UK sets wind power production record due to gales in May
Strong winds across the country on Friday helped set a new all-time high for electricity produced by wind turbines, The Guardian reported.
Provisional data from National Grid showed wind contributed 62.5% of the UK electricity mix, following a record 59.9% in August 2020, when high winds brought by storms Ellen and Francis hit the country .
So far this month, wind represents 18 percent of the electricity mix, below the 20 percent recorded in May of last year, but well above levels seen in May of previous years.
New milestones for wind power generation have been reached several times over the past year. On Boxing Day, when Storm Bella brought gusts of up to 100 mph, the wind supplied 50.7% of Britain’s electricity, which kept levels high for 24 hours.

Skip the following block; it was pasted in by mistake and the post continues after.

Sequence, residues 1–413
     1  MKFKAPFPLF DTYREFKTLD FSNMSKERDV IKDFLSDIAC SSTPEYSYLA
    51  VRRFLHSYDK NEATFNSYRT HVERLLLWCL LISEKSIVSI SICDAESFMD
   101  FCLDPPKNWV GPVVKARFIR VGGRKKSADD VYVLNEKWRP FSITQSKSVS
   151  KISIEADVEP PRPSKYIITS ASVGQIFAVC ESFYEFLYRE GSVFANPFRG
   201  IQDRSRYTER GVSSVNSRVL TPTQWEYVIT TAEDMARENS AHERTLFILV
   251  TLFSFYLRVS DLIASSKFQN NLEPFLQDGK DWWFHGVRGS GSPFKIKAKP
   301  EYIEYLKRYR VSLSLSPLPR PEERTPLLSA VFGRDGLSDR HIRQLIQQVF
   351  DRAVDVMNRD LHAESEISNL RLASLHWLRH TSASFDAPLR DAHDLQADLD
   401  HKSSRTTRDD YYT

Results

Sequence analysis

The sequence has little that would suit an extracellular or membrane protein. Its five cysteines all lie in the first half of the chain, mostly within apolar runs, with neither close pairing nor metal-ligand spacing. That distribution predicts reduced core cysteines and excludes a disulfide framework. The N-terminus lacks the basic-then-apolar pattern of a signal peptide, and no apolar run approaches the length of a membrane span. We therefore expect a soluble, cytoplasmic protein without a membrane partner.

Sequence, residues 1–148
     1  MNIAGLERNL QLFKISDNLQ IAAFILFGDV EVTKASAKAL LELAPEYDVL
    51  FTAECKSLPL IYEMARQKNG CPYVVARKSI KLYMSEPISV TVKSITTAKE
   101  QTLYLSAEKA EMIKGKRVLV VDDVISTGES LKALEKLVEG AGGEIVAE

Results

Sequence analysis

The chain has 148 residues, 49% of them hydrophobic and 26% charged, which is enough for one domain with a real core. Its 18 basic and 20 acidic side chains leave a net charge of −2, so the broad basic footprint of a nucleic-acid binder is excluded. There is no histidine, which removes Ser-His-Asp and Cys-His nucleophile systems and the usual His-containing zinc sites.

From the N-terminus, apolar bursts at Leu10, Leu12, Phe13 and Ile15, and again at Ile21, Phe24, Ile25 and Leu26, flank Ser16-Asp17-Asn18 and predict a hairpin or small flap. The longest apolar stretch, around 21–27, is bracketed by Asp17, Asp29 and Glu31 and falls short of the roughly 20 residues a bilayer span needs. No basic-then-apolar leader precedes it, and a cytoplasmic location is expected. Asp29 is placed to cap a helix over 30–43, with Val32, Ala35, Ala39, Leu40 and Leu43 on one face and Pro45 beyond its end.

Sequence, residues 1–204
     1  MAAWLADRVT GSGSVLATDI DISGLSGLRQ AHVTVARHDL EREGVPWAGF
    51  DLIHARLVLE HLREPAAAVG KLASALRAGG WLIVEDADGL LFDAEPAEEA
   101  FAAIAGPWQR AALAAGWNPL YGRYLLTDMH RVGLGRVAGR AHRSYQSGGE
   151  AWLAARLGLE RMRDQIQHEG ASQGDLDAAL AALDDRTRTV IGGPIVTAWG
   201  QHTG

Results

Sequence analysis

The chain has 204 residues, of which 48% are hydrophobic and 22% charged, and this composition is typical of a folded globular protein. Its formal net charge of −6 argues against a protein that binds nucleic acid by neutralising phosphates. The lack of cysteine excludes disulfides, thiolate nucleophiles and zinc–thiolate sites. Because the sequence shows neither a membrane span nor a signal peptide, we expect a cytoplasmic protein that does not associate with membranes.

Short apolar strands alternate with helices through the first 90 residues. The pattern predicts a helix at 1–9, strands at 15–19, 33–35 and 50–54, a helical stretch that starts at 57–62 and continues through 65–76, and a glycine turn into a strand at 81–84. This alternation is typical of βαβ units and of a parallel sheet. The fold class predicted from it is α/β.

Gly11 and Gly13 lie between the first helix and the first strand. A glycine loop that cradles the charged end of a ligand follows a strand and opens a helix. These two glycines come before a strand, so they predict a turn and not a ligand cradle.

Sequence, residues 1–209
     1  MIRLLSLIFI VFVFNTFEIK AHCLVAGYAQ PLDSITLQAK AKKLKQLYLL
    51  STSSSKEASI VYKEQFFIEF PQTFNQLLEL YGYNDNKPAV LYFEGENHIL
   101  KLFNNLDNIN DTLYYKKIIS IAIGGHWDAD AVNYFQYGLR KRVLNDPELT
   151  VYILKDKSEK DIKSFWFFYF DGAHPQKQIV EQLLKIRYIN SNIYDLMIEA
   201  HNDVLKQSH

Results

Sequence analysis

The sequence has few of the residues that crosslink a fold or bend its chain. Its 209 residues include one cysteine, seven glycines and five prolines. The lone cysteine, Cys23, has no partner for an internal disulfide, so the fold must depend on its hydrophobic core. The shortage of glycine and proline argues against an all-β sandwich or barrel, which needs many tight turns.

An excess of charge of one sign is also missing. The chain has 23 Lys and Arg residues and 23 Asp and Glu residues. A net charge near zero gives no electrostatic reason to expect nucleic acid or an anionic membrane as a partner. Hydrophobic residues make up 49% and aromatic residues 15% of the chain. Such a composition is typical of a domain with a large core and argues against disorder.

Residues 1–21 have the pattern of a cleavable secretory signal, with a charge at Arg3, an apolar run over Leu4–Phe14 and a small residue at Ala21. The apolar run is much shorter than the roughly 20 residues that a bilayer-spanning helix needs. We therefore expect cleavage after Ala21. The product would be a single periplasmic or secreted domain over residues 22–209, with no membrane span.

Last year was the greenest year on record for the UK power system, when average carbon intensity (the measure of carbon dioxide emissions per unit of electricity consumed) hit a new low, according to National Grid.
The independent climate think tank, Ember, said the UK’s renewable electricity exceeded its production of fossil fuels for the first time last year and may remain the largest source of electricity in the to come up.
He found that renewables generated by wind, sunlight, water and wood made up 42% of UK electricity last year, compared to 41% generated by gas and oil power plants. coal together.
The UK is also on track for its wettest May on record after a very dry April, with more heavy and forecasted rains this weekend, as strong winds are expected to ease today .
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Europe can generate enough energy from onshore wind farms to power the whole world over the next 30 years